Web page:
Walk 1 -30 to 45mins
This short walk takes in the wildlife haven of Brook Meadow, in the middle of Emsworth, and one Of Emsworth's fine Buildings. Take the Brook Meadow entrance at the bottom Palmers Road car p^park, follow the wooden walkway and In 'to the meadow through a gate. The path follows the River Ems the home of the Emsworth water voles Exit at the (and take a small tarmac Path on the right that runs under t
then turns right again. The path pops out at the old water Courses of Lumley Mill and into Lumley Road. Take 0 right and Carry on down to the A259 to the managed wildlife sanctuary Peter Pond or turn right into the tranquillity of Brook \1eadow.
For a longer walk through the
Westbourne, take a loft UP the private road at Lumley Mill
For more information on Brook and organised events log on to www.hants.org.uk/ brook-meadow/
Walk 2 - 30 to 45mins
This walk follows the largest stretch of ornamental water on the south coast and brings you into Emsworth Harbour and the picturesque quay. Leave from the Palmers Road car park and follow the Havant Road turning right down Bath Road alongside Mill Pond - home to swans and wild fowl. Emsworth Promenade brings you out at Quay Mill and South Street, lined by old fishermen's cottages. The Coal Exchange pub, named after sailing colliers, was once next to the brewery house and a huge brewery on the site of the present car park. Return via the High Street and St Peter's Square, little changed since the early nineteenth century. For a longer walk through an area of outstanding beauty, turn right at the end of Bath Road and follow the path to Warblington church and castle, returning along the shoreline.
Walk 3 - 30 to 45mins
Starting from Brook Meadow, this walk takes in one of the oldest areas of commercial activity in Emsworth. Crossing the A259, which roughly follows the Roman road from Chichester, walk down Slipper Road to the site of the original tide-driven Slipper Mill. The mill continued to be used until electricity was introduced in the 1940s and in the 1960s was demolished. The brick store can still be seen, now converted into houses. Walking back up the opposite side of Slipper Mill you can see, on the left hand side, remains of Hendy's Quay and Kings Quay where J D Foster built his famous Emsworth Oyster Fishing Fleet.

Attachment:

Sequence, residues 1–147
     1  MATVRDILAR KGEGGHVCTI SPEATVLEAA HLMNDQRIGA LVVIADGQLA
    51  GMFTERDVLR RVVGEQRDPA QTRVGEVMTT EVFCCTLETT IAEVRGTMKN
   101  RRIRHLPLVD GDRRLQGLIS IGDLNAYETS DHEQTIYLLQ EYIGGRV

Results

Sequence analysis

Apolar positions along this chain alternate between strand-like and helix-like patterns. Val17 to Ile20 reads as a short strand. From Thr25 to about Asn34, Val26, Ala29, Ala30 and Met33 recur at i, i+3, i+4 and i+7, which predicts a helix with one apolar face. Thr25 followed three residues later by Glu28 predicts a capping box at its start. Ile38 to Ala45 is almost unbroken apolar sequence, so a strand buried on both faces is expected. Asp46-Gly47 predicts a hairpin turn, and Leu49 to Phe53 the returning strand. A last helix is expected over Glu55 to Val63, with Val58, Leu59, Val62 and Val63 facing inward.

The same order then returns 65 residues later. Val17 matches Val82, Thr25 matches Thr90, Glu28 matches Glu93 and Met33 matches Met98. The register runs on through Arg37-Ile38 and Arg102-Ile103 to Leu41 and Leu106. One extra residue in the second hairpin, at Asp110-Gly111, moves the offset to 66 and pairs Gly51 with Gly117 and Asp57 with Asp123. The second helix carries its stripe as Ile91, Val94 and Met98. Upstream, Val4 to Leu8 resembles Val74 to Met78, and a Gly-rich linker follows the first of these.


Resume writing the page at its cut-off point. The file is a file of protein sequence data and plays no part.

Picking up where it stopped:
The path brings you out at Dolphin Quay Boatyard, where Terror an original oyster smack is currently being restored. Opposite is The Old Flour Mill which was operational until 1972. Just after the boatyard, take the small path on the left
which winds round the back gardens of some beautiful old merchant properties. The path exits in King Street opposite No.19, the house of Emsworth's shipbuilder, John King, that was supposedly built in one day.
Take a small detour down Tower Street for the fine Georgian architecture and a tantalising view of the harbour from the end of the street. If the tide is out, you can walk along the shore and carry on back through to the Square up South Street.
For more information on the history of Emsworth visit the Emsworth Museum run by the Emsworth Maritime & Historical Trust. The museum is open every weekend from Easter Saturday to the end of October at the following times:
Saturdays and Bank Holidays 10.30am - 4.30pm
Sunday 2.30pm - 4.30pm
Fridays in August 10.30am - 4.30pm